Anti-Racism Anti-Bias Statement
Children’s Theatre Company is committed to recognizing, addressing and eliminating all forms of racism, ethnic oppression and biases on our stages, in our staff, and on our board. We understand that bias can be unconscious or unintentional and that racism is the combination of social and institutional power plus racial prejudice. We acknowledge the historical legacy of exclusion and marginalization in theatre. We are committed to providing a just, equitable, diverse, inclusive, and accessible space for every member of our community.
CTC will work to:
- Take a proactive approach to eliminating biases and/or racism in our daily interactions
- Restructure our systems to eliminate barriers to access that are visible and invisible
- Engage in ongoing and intentional anti-bias and anti-racist learning to understand personal biases and privileges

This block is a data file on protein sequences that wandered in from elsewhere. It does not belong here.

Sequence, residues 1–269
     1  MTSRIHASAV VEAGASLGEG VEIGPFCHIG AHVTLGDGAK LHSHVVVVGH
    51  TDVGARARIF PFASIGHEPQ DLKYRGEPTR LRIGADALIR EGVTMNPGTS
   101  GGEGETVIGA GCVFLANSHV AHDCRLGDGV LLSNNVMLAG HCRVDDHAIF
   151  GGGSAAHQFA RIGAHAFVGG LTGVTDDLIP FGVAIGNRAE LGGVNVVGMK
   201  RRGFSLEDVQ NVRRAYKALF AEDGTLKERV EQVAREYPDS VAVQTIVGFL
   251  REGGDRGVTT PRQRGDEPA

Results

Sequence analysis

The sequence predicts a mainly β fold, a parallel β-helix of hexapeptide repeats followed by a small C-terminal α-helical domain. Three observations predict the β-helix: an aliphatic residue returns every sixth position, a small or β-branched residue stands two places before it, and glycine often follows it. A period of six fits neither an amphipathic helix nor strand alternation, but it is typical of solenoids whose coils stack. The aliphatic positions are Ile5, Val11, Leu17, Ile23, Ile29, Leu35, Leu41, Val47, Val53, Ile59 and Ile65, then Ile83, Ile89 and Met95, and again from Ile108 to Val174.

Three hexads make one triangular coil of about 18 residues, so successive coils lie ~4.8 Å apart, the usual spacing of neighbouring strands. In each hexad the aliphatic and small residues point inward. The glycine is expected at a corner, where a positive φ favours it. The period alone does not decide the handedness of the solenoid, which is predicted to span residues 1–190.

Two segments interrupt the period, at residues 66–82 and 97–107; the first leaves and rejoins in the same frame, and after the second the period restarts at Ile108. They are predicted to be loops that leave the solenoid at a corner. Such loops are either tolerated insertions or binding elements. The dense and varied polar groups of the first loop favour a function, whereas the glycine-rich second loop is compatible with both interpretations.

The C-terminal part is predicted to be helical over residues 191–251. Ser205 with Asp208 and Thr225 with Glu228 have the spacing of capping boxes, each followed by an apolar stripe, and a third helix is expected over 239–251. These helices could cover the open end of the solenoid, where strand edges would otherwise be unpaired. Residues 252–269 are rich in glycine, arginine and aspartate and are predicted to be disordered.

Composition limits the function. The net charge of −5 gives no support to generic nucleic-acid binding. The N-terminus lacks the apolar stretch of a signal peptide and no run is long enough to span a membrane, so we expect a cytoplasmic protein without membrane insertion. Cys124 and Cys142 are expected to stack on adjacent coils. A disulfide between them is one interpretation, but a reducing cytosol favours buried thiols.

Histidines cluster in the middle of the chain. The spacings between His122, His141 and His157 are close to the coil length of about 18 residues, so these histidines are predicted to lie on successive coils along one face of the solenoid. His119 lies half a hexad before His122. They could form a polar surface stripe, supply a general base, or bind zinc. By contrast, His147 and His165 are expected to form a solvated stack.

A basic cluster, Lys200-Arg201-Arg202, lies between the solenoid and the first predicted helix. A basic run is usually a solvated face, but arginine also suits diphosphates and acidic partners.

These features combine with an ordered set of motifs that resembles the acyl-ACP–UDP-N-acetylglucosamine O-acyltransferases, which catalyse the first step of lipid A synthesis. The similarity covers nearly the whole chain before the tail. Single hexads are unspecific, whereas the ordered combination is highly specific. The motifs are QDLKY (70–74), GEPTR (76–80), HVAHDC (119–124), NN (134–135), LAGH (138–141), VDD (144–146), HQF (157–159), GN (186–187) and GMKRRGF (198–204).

- Reflect the diversity of our community in the stories we tell on our stages.
- Transform our recruitment, hiring and retention efforts.
We know that this work is ongoing and evolving. We look to our community and ourselves for accountability as we strive to be a theatre everyone can bring their full authentic selves.
Children’s Theatre Company’s Response to the We See You White American Theatre Demands
To the signers of the WE SEE YOU WHITE AMERICAN THEATRE statement, collectively known as THE GROUND WE STAND ON, we would like to say thank you. Thank you for finding a place of stillness amidst a pandemic and in the aftermath of the killing of George Floyd by police officers here in Minneapolis. Thank you for composing a list of thoughtful demands and actions. We know and appreciate that this document radiates from a place of love for theatre, protection for the vulnerable, and dedication to the truth.